Thanks to the Internet and an abundance of specialty watch blogs, such as Hodinkee, and forums, including PuristSPro, doing that homework is easier than ever. Even though we may still associate auctions with closed rooms filled with paddle-wielding proxy bidders for elite collectors, the auction world is not only about trophy watches. In fact, the experience has been dramatically transformed with online bidding and expanded services, such as personalized consulting and shopping services, as well as on-demand purchasing. Meanwhile, private dealers no longer need brick-and-mortar stores, and online buying/selling services have popped up to serve modern-day collectors, which includes a growing number of 20- and 30-somethings, who have discovered the cool factor of vintage mechanical timepieces.
"The Internet is what really changed the market," says Matthew Bain, a veteran Miami-based private dealer who closed his physical store in 2006 and set up shop online. "That really brought in a whole new type of collector. Before the Internet, there were maybe only a half-dozen top American collectors, and you knew who they were. Now there are hundreds." Bain notes that one of the main advantages of buying through a reputable dealer compared to an auction house is that the watches are backed by a one-year mechanical warranty, so you have a guarantee, plus you can return it right away if you are unhappy.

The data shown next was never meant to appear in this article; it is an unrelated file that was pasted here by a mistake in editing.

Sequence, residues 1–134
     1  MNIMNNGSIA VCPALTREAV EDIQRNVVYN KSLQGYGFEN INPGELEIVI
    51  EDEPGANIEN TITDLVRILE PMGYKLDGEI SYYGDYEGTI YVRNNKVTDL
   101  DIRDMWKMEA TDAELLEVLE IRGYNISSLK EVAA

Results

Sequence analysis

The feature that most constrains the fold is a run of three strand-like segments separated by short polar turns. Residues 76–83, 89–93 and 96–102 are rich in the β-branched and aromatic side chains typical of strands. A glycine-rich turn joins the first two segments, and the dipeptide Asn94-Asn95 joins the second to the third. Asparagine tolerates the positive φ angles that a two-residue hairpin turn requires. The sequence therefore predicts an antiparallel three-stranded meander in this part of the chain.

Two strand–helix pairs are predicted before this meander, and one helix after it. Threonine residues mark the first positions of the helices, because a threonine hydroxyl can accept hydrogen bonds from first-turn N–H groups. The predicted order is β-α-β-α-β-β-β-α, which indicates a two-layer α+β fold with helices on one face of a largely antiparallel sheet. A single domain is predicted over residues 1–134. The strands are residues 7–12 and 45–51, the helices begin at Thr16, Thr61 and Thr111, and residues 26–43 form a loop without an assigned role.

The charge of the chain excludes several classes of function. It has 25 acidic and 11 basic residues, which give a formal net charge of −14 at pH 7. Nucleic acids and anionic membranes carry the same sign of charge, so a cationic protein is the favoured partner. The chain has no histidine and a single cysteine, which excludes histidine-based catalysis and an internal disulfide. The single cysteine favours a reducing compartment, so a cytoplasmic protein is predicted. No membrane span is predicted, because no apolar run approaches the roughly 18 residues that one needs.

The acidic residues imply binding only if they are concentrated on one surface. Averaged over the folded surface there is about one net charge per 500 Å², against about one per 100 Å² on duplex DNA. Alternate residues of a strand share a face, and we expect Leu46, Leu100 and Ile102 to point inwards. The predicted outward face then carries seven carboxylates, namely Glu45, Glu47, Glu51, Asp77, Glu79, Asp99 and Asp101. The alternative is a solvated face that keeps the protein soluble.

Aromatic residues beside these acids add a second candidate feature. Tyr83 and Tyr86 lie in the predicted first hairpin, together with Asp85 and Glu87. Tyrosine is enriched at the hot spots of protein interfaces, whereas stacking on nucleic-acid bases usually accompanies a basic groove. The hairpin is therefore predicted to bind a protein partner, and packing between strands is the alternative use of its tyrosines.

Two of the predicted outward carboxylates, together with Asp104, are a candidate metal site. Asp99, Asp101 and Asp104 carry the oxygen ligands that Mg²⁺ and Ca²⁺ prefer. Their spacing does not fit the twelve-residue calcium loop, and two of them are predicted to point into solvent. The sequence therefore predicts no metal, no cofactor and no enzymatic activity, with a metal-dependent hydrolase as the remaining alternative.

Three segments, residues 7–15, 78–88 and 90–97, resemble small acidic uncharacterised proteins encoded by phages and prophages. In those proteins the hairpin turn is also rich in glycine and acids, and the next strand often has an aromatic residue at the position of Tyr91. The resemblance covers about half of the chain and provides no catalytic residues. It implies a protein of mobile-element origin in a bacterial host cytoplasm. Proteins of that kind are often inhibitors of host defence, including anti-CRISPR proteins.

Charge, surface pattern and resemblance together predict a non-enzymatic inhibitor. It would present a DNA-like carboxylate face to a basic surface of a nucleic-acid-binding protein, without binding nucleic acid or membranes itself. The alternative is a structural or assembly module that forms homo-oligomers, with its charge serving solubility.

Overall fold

"Technology definitely changed the whole landscape," agrees Saori Omura, director and watch expert at Antiquorum USA, the American division of the international auction house that specializes in watches and clocks. "We were one of the first auction houses to offer online bidding about 10 years ago. In the beginning, people were a little hesitant about buying something expensive online. Now, over 50 percent of buyers are bidding online, especially U.S. buyers. They can see the auctioneer on their screens at home or in their office, and know exactly what's going on in the room." Consequently, fewer people may be inclined to show up in person these days, especially if they desire anonymity.